Lisa Farrar is a fitness nutrition and holistic health coach located in Phoenix, Arizona. I first met Lisa last summer and was incredibly enlightened with her aura and sense of purpose. I felt like she had a lot of really great things that everyone needed to hear and last month we finally took the time to sit down and chat about health and all of the controversies and confusions that go along with the idea of "healthy living".
I explained to Lisa how I am so sick of diet trends and fads, as a normal, average human it seems there is nothing you can do "right" before it's no longer right. "Don't eat fruit, it's all sugar. Don't eat carbs, eat lots of fats. Don't eat meat, you'll die faster." WHAT AM I SUPPOSED TO DO TO BE #Healthy?! Drink water and eat air? HELP PLEASE.
Q: LISA, HOW DO WE WIN AT HEALTH??
"Point blank. any eating plan that isn't sustainable is a waste of time. If you look at all of the different phases that have occurred in the last 50 years, there isn't anything that somebody didn't tout as the end all - and then 99% of them phase out. It makes you really wonder if there is any science to nutrition."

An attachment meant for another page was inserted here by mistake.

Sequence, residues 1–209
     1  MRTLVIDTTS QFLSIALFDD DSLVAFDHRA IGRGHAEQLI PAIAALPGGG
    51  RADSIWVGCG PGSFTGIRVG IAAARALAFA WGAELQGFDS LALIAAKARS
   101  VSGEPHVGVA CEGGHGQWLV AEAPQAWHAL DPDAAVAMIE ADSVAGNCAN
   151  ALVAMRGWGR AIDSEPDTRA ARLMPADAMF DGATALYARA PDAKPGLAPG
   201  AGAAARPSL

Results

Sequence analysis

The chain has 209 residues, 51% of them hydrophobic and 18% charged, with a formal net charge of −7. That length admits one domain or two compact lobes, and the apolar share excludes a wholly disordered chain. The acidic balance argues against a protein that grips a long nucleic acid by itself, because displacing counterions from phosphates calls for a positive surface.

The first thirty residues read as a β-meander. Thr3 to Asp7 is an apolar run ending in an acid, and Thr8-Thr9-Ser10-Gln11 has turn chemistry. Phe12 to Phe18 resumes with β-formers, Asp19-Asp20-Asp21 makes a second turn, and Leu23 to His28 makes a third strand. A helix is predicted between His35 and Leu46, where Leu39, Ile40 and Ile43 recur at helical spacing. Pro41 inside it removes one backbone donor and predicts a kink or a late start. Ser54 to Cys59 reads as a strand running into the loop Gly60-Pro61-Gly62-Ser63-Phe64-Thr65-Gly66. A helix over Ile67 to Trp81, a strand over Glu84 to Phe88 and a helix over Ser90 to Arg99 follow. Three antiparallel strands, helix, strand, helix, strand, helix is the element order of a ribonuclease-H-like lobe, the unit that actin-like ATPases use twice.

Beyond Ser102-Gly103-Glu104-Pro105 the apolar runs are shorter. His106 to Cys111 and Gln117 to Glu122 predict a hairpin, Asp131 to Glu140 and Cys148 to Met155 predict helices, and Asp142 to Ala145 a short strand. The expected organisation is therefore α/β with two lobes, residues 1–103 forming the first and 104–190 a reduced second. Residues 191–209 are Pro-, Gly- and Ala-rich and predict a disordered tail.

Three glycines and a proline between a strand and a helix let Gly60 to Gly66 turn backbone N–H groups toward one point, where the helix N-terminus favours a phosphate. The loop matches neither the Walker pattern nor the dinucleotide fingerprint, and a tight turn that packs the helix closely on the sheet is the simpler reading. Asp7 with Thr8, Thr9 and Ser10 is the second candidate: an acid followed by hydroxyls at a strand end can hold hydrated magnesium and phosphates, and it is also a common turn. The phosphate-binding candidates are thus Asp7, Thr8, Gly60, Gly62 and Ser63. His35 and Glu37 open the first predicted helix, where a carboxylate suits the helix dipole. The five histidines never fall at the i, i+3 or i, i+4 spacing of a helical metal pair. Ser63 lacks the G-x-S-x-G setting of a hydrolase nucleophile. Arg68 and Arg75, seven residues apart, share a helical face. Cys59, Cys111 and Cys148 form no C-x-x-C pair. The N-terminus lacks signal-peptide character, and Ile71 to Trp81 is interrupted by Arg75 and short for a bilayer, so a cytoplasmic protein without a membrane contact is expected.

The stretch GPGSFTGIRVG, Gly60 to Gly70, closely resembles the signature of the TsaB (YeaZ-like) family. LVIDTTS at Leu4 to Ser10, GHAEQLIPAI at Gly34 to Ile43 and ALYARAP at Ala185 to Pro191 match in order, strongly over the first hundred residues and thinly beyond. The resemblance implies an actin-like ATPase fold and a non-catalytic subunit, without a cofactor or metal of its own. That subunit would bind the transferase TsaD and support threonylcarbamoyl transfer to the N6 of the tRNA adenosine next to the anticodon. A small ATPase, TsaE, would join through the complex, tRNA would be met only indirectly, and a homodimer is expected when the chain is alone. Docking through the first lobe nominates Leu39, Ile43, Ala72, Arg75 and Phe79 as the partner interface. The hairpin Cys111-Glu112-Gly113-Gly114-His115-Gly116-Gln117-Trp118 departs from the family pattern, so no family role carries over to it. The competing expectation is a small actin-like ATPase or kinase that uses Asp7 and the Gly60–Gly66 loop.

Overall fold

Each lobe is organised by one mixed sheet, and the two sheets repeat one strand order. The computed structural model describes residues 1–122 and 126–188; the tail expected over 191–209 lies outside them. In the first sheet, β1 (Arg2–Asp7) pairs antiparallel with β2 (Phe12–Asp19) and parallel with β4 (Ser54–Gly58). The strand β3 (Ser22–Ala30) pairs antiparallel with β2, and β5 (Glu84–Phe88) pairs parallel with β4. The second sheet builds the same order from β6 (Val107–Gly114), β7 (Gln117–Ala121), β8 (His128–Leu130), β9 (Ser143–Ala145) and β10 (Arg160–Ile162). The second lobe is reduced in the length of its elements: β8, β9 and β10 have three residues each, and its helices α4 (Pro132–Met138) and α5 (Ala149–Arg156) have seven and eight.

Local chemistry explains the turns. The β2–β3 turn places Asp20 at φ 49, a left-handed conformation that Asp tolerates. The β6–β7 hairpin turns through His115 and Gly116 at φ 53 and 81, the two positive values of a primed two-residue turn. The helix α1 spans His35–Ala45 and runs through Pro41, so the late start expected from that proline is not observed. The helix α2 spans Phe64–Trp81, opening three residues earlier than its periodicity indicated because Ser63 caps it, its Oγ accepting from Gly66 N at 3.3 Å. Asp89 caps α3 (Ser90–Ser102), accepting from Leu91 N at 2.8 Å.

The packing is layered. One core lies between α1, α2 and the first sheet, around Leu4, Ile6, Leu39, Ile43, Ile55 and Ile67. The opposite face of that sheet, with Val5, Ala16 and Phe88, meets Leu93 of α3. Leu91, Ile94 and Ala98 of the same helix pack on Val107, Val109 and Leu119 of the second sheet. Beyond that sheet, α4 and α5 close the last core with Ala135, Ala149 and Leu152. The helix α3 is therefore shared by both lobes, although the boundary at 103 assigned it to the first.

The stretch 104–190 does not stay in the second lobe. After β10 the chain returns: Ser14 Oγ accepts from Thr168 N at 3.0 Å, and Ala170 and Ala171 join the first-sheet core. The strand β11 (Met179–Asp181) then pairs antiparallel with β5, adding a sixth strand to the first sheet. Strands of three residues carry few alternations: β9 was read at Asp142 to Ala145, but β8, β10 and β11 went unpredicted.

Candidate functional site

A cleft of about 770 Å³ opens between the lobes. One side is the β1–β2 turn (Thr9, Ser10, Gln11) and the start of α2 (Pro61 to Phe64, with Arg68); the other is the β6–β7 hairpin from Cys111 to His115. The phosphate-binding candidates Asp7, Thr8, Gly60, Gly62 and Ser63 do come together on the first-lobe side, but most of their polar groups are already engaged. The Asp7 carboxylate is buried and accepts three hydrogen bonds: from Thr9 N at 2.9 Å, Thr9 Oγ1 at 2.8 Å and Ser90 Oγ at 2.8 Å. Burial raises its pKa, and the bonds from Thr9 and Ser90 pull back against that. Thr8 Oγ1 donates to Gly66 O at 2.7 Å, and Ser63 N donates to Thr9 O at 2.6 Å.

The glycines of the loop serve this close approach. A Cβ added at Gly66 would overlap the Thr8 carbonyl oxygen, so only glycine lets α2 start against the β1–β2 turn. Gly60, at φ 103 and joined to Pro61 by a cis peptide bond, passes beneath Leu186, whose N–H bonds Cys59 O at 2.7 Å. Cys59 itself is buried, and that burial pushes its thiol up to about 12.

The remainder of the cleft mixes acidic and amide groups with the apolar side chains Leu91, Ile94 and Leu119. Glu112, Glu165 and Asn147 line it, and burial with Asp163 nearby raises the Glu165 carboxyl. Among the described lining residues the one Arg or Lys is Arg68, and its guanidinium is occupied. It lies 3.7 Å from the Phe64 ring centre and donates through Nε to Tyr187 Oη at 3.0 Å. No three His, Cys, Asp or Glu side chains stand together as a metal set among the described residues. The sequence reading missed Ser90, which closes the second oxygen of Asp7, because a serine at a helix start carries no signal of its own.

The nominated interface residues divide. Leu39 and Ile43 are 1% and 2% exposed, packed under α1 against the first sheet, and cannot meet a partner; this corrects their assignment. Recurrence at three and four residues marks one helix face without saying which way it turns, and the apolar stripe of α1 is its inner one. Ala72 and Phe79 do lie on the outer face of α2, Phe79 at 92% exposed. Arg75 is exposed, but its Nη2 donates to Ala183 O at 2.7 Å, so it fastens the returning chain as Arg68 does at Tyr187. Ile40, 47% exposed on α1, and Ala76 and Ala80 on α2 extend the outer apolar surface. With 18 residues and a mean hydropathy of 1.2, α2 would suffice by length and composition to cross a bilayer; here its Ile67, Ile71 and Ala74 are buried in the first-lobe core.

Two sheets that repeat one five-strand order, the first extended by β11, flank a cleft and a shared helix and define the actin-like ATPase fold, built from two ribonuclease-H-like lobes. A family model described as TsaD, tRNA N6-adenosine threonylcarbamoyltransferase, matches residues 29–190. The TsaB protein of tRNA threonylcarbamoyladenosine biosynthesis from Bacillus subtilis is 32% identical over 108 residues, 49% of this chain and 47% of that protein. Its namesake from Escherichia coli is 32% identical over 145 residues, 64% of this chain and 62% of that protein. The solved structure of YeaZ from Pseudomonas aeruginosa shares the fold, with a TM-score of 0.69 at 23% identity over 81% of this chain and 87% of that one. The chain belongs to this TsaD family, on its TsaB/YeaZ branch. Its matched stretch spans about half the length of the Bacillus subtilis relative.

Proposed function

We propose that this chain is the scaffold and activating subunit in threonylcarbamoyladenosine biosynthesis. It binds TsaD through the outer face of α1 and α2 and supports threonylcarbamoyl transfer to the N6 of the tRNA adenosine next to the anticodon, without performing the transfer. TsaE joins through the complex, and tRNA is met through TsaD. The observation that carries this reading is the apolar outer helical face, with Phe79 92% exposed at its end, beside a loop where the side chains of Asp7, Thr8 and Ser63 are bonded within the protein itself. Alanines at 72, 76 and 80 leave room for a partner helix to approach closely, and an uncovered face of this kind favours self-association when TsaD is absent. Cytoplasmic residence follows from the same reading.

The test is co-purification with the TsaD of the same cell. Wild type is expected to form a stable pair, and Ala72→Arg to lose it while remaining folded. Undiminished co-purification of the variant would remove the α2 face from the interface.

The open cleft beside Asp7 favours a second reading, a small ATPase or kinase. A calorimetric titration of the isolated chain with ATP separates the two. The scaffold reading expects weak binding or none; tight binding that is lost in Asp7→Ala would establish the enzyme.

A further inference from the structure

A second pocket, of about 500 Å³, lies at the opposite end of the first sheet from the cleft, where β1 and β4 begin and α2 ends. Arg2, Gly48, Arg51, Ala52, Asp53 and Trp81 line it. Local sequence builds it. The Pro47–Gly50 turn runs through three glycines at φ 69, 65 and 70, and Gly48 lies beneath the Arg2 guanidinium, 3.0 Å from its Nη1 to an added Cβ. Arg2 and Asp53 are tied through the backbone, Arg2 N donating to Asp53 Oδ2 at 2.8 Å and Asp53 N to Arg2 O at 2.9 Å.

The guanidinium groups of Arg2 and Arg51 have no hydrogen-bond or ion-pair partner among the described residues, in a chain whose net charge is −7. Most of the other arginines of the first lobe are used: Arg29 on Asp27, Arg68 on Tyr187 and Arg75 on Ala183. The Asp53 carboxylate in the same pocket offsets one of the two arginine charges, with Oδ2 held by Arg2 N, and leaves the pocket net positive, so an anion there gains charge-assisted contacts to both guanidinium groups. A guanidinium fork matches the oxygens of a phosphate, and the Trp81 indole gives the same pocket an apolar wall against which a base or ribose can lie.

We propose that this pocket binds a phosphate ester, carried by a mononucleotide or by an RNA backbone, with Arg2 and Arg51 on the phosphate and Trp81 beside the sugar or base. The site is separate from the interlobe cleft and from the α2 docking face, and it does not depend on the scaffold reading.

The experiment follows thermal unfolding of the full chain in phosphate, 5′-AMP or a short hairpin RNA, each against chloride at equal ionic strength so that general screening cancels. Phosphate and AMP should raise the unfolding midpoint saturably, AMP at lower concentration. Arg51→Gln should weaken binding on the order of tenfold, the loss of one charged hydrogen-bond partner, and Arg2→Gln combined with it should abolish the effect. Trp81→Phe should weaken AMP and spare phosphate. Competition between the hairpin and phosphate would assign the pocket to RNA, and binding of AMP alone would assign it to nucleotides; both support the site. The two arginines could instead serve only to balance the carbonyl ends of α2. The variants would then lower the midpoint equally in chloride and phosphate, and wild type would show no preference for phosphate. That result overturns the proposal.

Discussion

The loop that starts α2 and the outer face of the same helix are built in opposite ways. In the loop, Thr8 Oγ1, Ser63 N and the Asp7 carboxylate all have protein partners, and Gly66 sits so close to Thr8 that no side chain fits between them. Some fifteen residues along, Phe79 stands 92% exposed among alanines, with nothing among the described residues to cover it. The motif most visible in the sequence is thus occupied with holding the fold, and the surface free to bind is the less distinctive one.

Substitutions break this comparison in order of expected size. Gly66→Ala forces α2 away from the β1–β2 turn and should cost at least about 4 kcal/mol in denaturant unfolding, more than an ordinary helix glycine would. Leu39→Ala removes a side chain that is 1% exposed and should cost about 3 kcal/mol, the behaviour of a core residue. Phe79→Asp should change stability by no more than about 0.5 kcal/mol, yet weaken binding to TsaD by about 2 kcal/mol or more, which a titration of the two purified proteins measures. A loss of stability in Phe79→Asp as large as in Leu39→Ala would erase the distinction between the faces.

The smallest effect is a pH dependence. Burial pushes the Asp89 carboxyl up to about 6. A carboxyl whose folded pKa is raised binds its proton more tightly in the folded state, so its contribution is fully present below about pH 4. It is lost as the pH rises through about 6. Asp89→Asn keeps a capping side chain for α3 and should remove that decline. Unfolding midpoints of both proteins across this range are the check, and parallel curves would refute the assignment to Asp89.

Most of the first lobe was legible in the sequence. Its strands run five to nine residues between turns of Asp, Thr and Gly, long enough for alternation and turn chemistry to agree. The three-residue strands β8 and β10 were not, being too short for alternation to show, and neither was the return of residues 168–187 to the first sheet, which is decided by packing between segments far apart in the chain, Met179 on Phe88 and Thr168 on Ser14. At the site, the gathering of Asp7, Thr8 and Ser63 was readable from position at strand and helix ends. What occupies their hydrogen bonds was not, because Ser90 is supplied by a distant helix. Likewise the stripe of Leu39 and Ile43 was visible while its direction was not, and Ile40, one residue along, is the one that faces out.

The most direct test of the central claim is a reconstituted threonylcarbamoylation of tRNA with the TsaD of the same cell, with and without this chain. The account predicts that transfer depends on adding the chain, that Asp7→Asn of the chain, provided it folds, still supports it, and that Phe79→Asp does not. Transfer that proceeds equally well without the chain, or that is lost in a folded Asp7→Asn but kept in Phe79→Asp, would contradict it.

Q: So after studying all of this, what conclusions have you come to?
"The best solution is whole foods. The perimeter of the grocery store is the only place you should technically be shopping."
Q: But how can we be sustainable in this world? Why do we all feel the need to always be smaller?
"Shame on the world for telling us we need to be smaller. Self love is the most important thing we should focus on for our health. If you are not experiencing self love, you are taking steps towards a less than healthy lifestyle. I was so skinny five years ago and yes I loved it, but guess what? Cortisol levels happened. Healthy should be the new body type."
Q: How can we combat this whole skinny = healthy ideal? I'm not "skinny" but I just had a physical which stated I was in the very top percentile of being healthy according to all of my stats and blood work. It's such a frustrating epidemic/mindset!